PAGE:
In the pre-Conciliar Faith, if a Sacred Host fell on the floor, a ritual of ablutions would have to be performed with Holy Water. In the modern Faith the priest is instructed "to pick up the host reverently".

    In the pre-Conciliar Faith, children were taught that in the tiniest particle, therein contained Our Lord's Body, Blood, Human Soul and Divinity, in its entirety. In "Alive-O" children are taught that Holy Communion is like a witch who baked "magic bread".

    Valoris Ardentis

  2. Thank you for your comment Valoris Ardentis.

    "Alive-O" is the 'Catholic catechetical' programme for Irish primary school children. Most children who are taught "Alive-O" come to call the Most Holy Eucharist 'magic bread' or at best 'special bread'.
    When I was training to be a teacher, we got lecture notes on "Alive-O" where we were encouraged to tell the children that 'Jesus is the bread man'.

  3. I find there is no point debating with these people. The spirit that one absorbs at the new mass means becoming gradually ingrained with contempt for traditional Catholic piety. Thats why the Novus Ordo should be avoided at all costs.

  4. I too have witnessed the 'contempt for traditional Catholic piety' such as kneeling to receive Holy Communion. What I must say though, is that Communion is taken in the hand, not only at Novus Ordo Masses, but also at Tridentine 'Old Rite' Masses. There can be very grave reluctance on the part of the laity to humble themselves and receive on the tongue - in both 'old' and new rite.

    Communion Hosts were stolen from 'traditional' churches, prominently The Brompton Oratory, and the desecration of the Hosts were put up on YouTube. This is an absolute outrage. What I suggest is that Communion on the hand is stopped - in both Old Rite and Novus Ordo. The laity must understand that the consequences (including stolen Hosts) are the Ultimate Price for the Catholic community, just so that this laizzez-faire grabbing the Host in your hand may continue.

    PS - I will be doing more on this when I describe how I saw a Host being stolen. This is to come in a future blog post.

  5. There should be no communion in the hand at old rite masses. This is yet another reason to try and go to masses celebrated by priests who are exclusively old rite or at the very least have the common sense not to capitulate to some stubborn person trying to prove a point.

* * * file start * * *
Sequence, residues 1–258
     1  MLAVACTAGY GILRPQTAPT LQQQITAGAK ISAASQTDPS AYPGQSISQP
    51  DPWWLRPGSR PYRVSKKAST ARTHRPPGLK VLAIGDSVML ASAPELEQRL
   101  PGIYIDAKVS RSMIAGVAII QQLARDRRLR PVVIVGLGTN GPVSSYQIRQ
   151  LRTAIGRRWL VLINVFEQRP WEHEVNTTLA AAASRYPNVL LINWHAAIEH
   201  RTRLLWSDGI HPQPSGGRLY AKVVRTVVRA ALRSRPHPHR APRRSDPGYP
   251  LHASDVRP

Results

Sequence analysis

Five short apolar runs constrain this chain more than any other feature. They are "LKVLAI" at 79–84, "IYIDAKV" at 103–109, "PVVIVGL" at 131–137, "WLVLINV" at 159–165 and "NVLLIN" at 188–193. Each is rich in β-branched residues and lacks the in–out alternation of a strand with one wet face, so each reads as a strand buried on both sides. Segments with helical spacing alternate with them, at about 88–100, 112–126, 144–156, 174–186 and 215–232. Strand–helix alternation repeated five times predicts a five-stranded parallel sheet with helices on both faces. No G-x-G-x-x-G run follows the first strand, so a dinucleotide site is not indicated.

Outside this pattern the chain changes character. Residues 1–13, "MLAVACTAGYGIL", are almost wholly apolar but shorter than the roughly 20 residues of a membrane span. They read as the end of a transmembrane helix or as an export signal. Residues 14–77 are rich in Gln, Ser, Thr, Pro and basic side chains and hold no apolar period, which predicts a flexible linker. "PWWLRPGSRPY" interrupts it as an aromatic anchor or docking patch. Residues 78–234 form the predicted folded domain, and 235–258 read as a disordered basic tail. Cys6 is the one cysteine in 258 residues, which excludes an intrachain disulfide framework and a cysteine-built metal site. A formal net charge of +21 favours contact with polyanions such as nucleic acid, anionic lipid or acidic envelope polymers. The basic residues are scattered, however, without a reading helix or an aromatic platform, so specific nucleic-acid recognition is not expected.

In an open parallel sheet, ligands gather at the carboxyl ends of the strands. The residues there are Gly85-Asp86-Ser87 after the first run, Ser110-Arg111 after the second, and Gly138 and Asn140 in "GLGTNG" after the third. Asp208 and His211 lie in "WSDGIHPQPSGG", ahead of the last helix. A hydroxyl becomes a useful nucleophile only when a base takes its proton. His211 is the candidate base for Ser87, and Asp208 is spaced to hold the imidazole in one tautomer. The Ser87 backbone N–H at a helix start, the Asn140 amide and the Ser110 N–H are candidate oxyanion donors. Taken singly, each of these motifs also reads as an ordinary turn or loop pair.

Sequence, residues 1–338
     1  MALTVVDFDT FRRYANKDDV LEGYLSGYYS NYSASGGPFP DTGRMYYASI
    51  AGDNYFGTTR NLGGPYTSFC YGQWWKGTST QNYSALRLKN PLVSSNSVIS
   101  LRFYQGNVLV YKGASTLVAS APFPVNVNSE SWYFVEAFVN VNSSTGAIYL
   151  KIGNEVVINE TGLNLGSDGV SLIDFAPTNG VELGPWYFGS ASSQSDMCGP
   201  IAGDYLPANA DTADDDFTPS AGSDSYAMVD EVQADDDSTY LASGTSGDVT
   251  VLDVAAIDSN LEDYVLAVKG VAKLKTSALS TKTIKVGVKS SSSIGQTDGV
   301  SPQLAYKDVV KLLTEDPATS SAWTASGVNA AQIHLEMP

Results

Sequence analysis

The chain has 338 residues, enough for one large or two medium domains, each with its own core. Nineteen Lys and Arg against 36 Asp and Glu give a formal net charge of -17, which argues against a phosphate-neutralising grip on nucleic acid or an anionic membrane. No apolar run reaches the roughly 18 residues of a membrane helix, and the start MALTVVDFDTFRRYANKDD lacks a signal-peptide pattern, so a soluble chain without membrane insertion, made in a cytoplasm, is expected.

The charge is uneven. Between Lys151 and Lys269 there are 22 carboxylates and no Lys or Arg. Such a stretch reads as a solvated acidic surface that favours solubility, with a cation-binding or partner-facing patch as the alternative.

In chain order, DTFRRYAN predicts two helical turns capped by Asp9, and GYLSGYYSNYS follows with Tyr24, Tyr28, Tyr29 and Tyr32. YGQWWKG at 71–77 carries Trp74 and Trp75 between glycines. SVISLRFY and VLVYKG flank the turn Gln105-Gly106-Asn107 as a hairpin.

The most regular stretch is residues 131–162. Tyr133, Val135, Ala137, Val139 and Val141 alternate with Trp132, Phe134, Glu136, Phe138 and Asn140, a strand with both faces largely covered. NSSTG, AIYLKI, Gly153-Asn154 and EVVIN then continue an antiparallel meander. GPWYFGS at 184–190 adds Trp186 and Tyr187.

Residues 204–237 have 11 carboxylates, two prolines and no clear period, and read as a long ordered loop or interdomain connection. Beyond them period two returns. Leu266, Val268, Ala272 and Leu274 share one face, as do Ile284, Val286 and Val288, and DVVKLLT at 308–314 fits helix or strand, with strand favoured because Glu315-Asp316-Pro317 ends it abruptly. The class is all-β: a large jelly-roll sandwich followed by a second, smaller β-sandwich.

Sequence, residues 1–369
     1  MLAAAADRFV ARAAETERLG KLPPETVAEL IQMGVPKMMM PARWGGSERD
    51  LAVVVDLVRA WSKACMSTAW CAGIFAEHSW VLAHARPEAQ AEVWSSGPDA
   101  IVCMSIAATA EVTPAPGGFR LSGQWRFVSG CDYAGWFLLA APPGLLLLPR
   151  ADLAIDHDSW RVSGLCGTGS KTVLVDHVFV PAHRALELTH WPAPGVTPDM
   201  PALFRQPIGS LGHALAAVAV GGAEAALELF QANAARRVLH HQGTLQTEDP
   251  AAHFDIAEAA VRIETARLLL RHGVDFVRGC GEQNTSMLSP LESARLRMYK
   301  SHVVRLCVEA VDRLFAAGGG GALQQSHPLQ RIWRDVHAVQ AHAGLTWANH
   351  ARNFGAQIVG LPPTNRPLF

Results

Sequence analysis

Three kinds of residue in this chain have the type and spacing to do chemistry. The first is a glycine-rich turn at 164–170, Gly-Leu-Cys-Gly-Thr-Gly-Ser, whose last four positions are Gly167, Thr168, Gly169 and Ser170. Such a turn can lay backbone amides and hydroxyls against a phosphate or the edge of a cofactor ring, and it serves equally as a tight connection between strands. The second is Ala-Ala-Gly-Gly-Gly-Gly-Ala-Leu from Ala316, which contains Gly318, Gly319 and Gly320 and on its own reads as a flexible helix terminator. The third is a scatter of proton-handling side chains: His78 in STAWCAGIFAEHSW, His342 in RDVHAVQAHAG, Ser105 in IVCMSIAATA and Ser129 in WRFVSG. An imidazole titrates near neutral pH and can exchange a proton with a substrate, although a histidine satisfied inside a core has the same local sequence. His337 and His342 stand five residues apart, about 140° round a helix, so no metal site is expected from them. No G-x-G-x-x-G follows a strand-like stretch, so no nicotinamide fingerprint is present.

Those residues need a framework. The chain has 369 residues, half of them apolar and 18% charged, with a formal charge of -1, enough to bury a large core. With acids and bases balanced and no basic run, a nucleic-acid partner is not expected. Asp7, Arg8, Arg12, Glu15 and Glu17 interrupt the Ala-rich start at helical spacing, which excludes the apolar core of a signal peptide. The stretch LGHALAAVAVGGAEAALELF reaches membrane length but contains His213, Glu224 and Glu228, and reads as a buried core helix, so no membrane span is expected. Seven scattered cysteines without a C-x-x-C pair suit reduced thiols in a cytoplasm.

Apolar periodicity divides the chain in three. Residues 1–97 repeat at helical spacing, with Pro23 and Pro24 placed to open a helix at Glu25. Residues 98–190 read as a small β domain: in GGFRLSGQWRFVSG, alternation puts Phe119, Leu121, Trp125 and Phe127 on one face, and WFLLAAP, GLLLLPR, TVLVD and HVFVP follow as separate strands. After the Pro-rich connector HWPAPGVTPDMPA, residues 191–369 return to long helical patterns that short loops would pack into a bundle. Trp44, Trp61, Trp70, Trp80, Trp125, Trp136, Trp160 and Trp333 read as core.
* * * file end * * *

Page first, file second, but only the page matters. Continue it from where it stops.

6. The really sad and disturbing things is that all these awful things whether Communion in the hand or dodgy catechetical programmes are authorised and officially permitted by priests and bishops appointed by the Holy See and with "stamp" of authority of the Pope, so although we call them abuses they are not, they are an official and legal of the Post-Vatican II Church.In a similar way Fr Hans Kung is still a priest in good standing and wasn't he welcomed for a three hour meeting [long by Papal standards] with the Pope last year ? Where does that leave us (I often worry and consider) ? Happy Feast/Non-feast of Corpus Christi. Alan Robinson

  7. Alan,

    The question that traditional Catholics have to ask themselves, is whether the changes of Vatican 2 are accidental or essential.

    St. Pius X's modifications to the Breviary are an example of accidental change. The Breviary remained essentially the Divine Office as codified by Saints Benedict and Gregory the Great, but there were accidental changes to the occurrence of psalms, and the ranking of feasts.

    Does Novus Ordo Missae, Liturgy of the Hours, The New Code of Canon Law, the New disciplines, represent an accidental change or an essential change? I argue strongly that they are essential changes and should be rejected as non-Catholic. The Ecclesia Dei position is that these are accidental changes and are a question of "prudence", "aesthetics" etc.

    Valoris Ardentis

  8. God bless you. This is a wonderful post. I will share it with friends! You have the right idea. Keep strong and encourage others to treat the Holy Eucharist with the reverence and awe it deserves.